Interest: handling interest objections and enquiries: common types of objection
This list is intended to give you an overview of some of the most common interest objections. Not every scenario is covered.
We can only give up interest where HMRC mistake or unreasonable delay has caused the build up of the interest. If, for example, a customer’s illness resulted in late payment of tax, there will be no grounds to give up interest. Unlike late filing and late payment penalties, reasonable excuse is not a consideration when dealing with interest objections.
Missing or delayed payment or tax return
We can’t be held responsible for payments or returns that get held up or go missing in the post. We won’t normally give up interest unless there is evidence to show that we actually got the item, but later lost it within one of our offices. If you find evidence to support the customer’s version of events, send us the papers to consider. If there is no evidence, you should uphold the interest and explain that we can’t be held responsible for items lost in transit.
Customers may claim that someone in the Department gave them incorrect verbal or written advice that led them to pay tax late, or believe that they would not have to pay interest. If this happens, check for evidence to prove or disprove the allegations. Submit any cases with evidence of mislead to us to consider. If there is no evidence, look at whether the customer’s version of events is reasonable. Has their claim on mislead been consistent all along or is there discrepancies in the story? Have we misled them or did they simply misunderstand what we said?
Due Date or Effective Date of Payment (EDP)
These should not be changed just to remove an interest charge.
The IRU can’t change a due date or effective date of payment for you. You should check the date used is in line with your instructions and amend any wrong ones. Only where your own processes don’t permit you to update this information, should you submit the case to us to consider.
Repayment in error
Not all of the repayments we give our customers are correct. If a customer banks an incorrect payable order and has to give us a replacement payment at a later date to put things right, we will charge interest up to the date of the second payment.
If you get this type of interest objection, you should check why we made the repayment in the first place. You should uphold the interest if there is no HMRC mistake, if, for example, it was the customer’s mistake on their tax return that led to the repayment. But if our mistake caused the repayment, it may be appropriate to give up some interest, so you should submit the papers to us.
(If a customer contacts you about a payable order that he thinks is wrong, you should check very carefully and if you have doubts about it, ask him to return it to you along with an explanation, so that you can cancel the payable order. If they were to bank the payment and have to pay it back at a later date, we would automatically charge interest up to the date of the later payment, which may not be appropriate). See also SA over-repayments.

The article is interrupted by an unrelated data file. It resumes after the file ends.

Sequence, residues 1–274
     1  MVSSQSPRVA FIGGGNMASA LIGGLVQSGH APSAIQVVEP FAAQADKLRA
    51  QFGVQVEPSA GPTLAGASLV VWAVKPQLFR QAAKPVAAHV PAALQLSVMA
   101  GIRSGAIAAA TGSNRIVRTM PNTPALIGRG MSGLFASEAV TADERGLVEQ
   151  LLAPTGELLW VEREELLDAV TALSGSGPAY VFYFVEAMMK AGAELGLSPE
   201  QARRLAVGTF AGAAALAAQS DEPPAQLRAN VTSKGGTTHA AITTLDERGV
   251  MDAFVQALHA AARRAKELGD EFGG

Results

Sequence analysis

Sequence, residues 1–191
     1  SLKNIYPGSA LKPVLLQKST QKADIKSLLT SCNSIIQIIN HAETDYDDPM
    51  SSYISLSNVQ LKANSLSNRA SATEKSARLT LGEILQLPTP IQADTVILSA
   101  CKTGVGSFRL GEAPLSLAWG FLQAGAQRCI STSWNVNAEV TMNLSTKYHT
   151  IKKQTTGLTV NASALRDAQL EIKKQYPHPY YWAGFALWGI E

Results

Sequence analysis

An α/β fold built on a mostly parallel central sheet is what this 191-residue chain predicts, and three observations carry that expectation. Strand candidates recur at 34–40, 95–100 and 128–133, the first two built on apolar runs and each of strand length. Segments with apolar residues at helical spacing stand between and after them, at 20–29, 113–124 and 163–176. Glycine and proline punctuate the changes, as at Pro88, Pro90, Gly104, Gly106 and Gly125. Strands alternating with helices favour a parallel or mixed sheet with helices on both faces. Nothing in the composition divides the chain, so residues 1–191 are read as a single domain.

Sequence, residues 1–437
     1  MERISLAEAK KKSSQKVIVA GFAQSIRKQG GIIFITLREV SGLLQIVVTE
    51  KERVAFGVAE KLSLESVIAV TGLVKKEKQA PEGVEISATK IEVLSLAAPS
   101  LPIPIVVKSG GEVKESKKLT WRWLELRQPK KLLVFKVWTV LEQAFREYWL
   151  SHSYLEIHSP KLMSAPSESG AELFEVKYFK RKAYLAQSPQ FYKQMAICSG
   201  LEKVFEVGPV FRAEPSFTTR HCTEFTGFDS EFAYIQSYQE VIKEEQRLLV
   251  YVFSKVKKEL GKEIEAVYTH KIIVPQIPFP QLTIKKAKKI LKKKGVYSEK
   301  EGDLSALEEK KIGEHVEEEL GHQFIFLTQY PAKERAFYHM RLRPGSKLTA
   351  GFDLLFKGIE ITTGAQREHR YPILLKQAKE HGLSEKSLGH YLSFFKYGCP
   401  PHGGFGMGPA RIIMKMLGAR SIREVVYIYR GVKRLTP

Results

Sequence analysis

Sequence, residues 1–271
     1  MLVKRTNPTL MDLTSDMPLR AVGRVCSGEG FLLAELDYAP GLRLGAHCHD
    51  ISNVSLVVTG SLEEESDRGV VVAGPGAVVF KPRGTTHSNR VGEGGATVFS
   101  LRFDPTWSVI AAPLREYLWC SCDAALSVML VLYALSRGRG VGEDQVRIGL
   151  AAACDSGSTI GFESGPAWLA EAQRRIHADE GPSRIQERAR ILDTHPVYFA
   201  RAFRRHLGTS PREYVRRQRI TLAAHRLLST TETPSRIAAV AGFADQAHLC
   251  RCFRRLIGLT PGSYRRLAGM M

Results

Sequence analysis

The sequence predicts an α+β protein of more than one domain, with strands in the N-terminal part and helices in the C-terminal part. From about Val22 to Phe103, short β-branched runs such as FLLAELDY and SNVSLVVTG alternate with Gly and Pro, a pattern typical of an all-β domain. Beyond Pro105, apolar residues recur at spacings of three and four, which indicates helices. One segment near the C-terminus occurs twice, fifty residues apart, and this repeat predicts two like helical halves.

You should uphold interest where the objection is based on a claim that the customer was waiting for a reference number for either a new business or employer scheme, before making a tax payment. The customer would have known there was tax to pay and could have sent a payment along with a letter of explanation, in the absence of a reference. But see the section on mislead, above, if someone claims we told them to delay paying.
Examples are where a Balancing Charge Credit (BCC) has been repaid but a later amendment reduces the BCC. For these interest objections, you should make sure the process in SAM has been followed correctly. The Processing Office who deals with work list W044 is responsible for deciding whether or not it is right to charge interest on late payment, and for fixing any record where interest has been charged inappropriately.
In cases where the Processing Office are satisfied that interest has been correctly charged, you should uphold the interest and submit to us only if your customer is unhappy with your reply.
A customer might have an unexpected SA tax bill because a tax code was wrong and didn’t deduct enough tax during the tax year. It is irrelevant who was to blame for the wrong code. We can’t normally give up interest, as it was the late payment of SA that caused the interest, not the PAYE under-deduction that happened before the SA tax became due.
This also applies where a claim to reduce SA Payments on Account (POAs) turns out to be excessive because not enough tax was paid through PAYE. It is the customer’s responsibility to closely monitor their tax position throughout the year and adjust POAs to a more realistic level if appropriate.
SA claim to reduce
We don’t usually give up interest if someone makes a valid, but excessive claim to reduce payments on account. Customers are responsible for making sure their tax affairs are in order, revising payments on account and paying what they owe at the correct time.
SA self or HMRC calculation
Customers who decide to work out their own tax should not wait for a calculation or statement from us before paying what they owe. You should uphold interest even if it appears that it was an HMRC mistake or delay that caused them to pay their January payments late. But the POA due on 31 July is different, as we should issue a June statement to remind all SA customers about their July POA. If we don’t, we will consider giving up some of the interest.
In HMRC calculation cases, we should also send out a statement for POA 1 and the balancing charge due in January. There are some circumstances, outlined in SAM, where it will be appropriate for local offices to change a due date. If none of these apply, you should send the interest objections to us for consideration.